Design Day Team Addresses Flooding, Erosion in Dundalk

Jun 6, 2024

Students develop wetlands plan to protect Turner Station community from rising sea level.

By Danielle Underferth

As sea levels rise and coasts erode, low-lying communities like the Turner Station community in Dundalk are increasingly threatened by chronic flooding. One environmental health and engineering Design Day team has developed a nature-based solution: a living wetland.

Wetlands capture a lot of water, reducing flow into adjacent areas during storms. They also filter out contaminants, support natural ecosystems, and reduce erosion. Besides reducing flooding, natural solutions like wetlands have a lot of added benefits, said team member Grace Mazur.

“The alternative would literally be a seawall. The benefit of the wetland is that it adds an ecosystem for native species,” said Mazur. “Adding a wetland also is a form of habitat restoration,” because Turner Station and the surrounding area were once a salt marsh, she said.

The team researched established solutions for the two issues causing flooding in Turner Station: sea level rise and shoreline erosion.

“We decided to focus more on sea level rise. Wetlands address the problem in the most comprehensive way,” said team member Emily Sperring.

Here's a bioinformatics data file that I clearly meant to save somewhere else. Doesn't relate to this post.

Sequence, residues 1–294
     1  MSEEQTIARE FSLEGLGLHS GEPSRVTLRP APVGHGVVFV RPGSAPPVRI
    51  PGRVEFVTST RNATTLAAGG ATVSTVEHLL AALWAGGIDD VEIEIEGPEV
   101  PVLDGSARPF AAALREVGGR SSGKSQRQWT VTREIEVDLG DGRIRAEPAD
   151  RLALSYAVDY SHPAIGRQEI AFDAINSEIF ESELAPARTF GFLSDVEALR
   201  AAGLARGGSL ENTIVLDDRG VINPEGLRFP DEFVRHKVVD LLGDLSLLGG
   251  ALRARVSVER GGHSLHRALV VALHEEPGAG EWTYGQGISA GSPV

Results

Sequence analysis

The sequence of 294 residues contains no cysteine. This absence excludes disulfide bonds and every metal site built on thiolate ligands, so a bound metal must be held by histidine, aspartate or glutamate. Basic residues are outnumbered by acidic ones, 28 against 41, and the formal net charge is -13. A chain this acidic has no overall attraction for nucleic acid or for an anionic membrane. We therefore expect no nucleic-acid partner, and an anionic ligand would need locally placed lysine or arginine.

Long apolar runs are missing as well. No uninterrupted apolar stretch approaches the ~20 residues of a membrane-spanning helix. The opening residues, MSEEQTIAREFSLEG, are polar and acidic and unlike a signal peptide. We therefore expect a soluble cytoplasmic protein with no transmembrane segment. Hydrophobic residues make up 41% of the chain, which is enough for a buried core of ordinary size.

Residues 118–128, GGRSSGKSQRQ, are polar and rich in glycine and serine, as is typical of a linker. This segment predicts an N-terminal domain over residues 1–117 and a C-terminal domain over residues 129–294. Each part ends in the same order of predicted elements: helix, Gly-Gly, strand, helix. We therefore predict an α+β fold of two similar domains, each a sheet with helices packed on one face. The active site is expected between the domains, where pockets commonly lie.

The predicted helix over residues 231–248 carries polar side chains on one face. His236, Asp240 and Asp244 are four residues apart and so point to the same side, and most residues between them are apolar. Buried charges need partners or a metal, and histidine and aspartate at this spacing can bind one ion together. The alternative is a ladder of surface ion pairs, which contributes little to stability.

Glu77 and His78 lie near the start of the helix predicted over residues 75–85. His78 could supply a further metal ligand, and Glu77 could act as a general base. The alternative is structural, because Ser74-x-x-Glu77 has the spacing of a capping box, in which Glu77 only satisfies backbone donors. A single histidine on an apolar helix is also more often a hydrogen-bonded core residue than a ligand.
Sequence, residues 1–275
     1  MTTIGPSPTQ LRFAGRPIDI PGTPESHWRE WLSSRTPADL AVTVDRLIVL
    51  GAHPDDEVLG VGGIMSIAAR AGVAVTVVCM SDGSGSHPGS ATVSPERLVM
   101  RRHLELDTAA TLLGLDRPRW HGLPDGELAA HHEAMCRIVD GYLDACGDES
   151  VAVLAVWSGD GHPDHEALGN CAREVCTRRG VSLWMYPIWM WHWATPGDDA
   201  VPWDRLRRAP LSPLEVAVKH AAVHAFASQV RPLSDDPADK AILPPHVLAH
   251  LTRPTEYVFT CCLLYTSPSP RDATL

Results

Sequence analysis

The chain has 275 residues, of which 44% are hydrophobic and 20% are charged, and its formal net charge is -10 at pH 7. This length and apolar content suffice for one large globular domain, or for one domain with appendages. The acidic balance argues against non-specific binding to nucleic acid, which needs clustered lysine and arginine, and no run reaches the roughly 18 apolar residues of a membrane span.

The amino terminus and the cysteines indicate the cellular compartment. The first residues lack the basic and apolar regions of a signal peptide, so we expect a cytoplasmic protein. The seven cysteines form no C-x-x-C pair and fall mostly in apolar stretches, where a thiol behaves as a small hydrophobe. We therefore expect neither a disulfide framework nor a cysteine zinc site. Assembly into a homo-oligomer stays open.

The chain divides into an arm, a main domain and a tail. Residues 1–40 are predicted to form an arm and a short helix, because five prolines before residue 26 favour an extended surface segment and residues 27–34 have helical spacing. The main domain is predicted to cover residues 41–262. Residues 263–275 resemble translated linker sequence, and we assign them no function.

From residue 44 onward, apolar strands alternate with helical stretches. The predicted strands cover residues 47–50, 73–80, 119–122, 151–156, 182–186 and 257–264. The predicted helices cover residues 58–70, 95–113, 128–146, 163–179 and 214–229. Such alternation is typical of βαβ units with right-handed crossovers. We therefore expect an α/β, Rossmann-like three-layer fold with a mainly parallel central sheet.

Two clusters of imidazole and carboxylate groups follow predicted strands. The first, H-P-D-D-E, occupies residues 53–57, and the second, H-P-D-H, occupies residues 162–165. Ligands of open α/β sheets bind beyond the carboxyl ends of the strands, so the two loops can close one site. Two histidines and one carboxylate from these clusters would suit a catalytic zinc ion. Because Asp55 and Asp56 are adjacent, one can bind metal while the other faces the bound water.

The proposed wetland extends more than 400 feet along the shore of Fleming Park, located on the southeastern shore of Dundalk. Features include:

  • Chemical treatments to control phragmites, an invasive plant
  • A foundation of dredged material
  • Native plants like seashore salt grass, smooth cordgrass, and Indiangrass
  • Channels and pumps to prevent water from accumulating behind the wetland.

Design Day is an annual showcase of students’ creativity, optimism, innovation, and ability to translate their theoretical knowledge into solutions to real-world problems.

The pumps will help maintain specific water levels, while the channels redirect the water back into the ocean when the wetland is filled. Long-term maintenance is critical to keep the wetland working. A thin layer of sediment must be applied every 10 years to ensure the area keeps up with rising sea levels.

Developing the plan over the course of the year provided valuable experience in problem-solving and project management, said Sperring.

“It’s the most independent project that I’ve ever worked on. We definitely got a lot of experience navigating ambiguity,” she said. “It’s a really complex system, so working on a team, we could divide and conquer to get the big picture and how to solve the problem.”

While the Hopkins team’s design is theoretical, they were able to talk with the companies that are working with the community at Turner Station to solve this issue in real time.

“In a real-world situation, we’d be working closely with the community to solve this issue,” Mazur said. “Getting an inside look at how that part of the process goes was super valuable to me and was not something I had learned about in my other classes here.”

Team members are Mazur, Sperring, Ling Jin, Rafael Medrano, Osvaldo Ruiz, and Lijin Zhang.